Q. What was the most disappointing aspect of Wake Forest’s performance against Tulane?

Adam: Coaching. The play calling was absolutely atrocious. The delay/read option run just doesn't work (and it hasn't for 2 years) and it doesn't appear the coaching staff has any of thoughts of giving up on it anytime soon. In my opinion, if you can only get 2.3 yards per carry against Tulane, maybe its time to try something else. It almost seems like they are determined to run the ball x number of times whether it is working or not, and they have no ability to adjust the play calling to the game. We may also be the only team in the nation that doesn't have a screen pass in the playbook. Running a few screens would slow down the pass rush and buy Wolford/Hinton a little more time to throw downfield. Aside from the play calling the clock management was also horrible. We had Tulane pinned inside the 10 with a minute left on the clock and 3 timeouts. We called our first timeout with like 10 seconds left. We could have gotten the ball around midfield with about 45 seconds left on the clock by using those 2 timeouts we carried into the half. Its not a given we would have put any points on the board but it would have been a great opportunity to do so. To rant just a little more, subbing in a different QB every play is a terrible idea. Its obvious that Hinton is "the runner" as evident by the fact that he only threw 4 times. But why then, when we were trying to kill the clock at the end of the game by running, was Wolford in instead of Hinton? I'm certainly not a football coach so maybe all this goes over my head, but as a fan, a lot of the decisions that were made in this game just don't make very much sense.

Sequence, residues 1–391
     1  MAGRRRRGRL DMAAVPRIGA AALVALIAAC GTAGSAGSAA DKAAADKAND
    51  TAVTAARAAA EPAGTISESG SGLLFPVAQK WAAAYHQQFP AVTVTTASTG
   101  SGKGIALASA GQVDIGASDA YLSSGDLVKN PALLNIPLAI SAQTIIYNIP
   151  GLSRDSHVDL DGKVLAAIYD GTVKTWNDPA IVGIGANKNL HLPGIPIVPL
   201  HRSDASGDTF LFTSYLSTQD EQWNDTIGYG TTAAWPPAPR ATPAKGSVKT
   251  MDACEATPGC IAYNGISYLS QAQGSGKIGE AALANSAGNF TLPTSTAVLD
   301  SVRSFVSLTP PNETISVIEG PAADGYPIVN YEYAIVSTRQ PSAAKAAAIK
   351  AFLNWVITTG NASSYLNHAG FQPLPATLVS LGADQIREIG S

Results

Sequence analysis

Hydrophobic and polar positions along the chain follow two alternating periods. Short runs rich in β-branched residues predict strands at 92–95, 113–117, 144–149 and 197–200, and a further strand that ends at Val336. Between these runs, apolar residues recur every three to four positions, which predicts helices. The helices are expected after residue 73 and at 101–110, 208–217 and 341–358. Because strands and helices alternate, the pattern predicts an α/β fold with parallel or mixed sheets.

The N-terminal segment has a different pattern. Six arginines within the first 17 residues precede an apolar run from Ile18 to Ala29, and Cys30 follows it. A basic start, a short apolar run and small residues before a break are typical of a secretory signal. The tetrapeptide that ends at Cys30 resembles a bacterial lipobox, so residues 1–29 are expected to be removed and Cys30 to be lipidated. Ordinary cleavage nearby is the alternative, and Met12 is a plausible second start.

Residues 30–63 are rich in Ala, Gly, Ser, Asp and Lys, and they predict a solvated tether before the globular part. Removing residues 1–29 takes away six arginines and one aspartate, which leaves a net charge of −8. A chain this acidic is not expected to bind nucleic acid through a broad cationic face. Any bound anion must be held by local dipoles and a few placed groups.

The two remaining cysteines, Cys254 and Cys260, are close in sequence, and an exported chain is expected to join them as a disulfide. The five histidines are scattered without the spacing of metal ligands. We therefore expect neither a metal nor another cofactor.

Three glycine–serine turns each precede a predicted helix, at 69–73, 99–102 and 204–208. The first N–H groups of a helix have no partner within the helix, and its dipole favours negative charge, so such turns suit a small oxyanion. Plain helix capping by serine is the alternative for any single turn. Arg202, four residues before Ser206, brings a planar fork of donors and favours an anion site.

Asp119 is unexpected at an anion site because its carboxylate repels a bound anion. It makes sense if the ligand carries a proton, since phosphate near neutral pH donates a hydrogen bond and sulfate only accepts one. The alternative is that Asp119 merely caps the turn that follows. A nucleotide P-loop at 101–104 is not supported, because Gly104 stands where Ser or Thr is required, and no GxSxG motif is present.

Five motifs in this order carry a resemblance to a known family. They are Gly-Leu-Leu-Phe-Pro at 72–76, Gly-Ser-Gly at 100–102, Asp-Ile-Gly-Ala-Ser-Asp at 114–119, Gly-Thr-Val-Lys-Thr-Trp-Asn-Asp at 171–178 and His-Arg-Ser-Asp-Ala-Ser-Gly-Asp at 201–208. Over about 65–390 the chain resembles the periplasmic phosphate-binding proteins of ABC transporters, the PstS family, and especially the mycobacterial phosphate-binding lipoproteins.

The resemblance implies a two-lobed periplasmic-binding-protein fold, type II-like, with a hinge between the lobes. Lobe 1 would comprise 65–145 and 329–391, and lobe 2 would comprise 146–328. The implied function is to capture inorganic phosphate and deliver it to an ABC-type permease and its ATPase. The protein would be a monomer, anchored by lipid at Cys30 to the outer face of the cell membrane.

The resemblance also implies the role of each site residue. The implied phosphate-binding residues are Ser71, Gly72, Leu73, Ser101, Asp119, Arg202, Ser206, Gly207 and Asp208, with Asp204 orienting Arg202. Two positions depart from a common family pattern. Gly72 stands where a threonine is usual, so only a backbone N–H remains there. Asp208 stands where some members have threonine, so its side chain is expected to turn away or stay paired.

Chris: The biggest disappointment, I think for every Wake fan after week one was the coaching staff's inability to get the ball in the hands of our playmakers on offense and disrupt the option on defense. There are two major problems: the QB "controversy" and playcalling. There would be no controversy, or not one that materially affected the flow of the game, if Coach Clawson picked a starting quarterback and let him play an entire half or game. Trying to win with a 2-QB system has failed a lot more successful programs than Wake Forest, who has at least two talented quarterbacks, but not so talented that the decision need be this difficult. This isn't 2015 Ohio State with JT Barrett, Cardale Jones, and Braxton Miller. It's a fairly straightforward case of two guys with less than perfect arms and decent mobility behind a struggling offensive line. Even the wrong decision between the two would be better than no decision. Pick a QB, Coach. Next most disappointing in the Tulane game was the playcalling. Bringing two and three man rushes against the option made a little bit of sense until it didn't. When the Deacs actually did send the house, Tulane looked like the mediocre offense they are. Blitzing the safety wasn't working for the Deacs either, but it was tried more times than simple gap blitzes in the 4-2-5. The coaching staff seems dead set on enforcing a specific style rather than adapting to changes in the game as they happen. When they see something not working, rather than try a new plan, they seem to try and force their square pegs down the round holes of games. Wake has historically been most successful when it's doing things other teams aren't prepared for, whether that's misdirection or the short passing game with small slot receivers or old fashioned running between the tackles. If the offense opens up in week two, I'll take back my amateur observations and admit once again that the game is easy from behind my keyboard. Until then, the coaching has been a frank disappointment.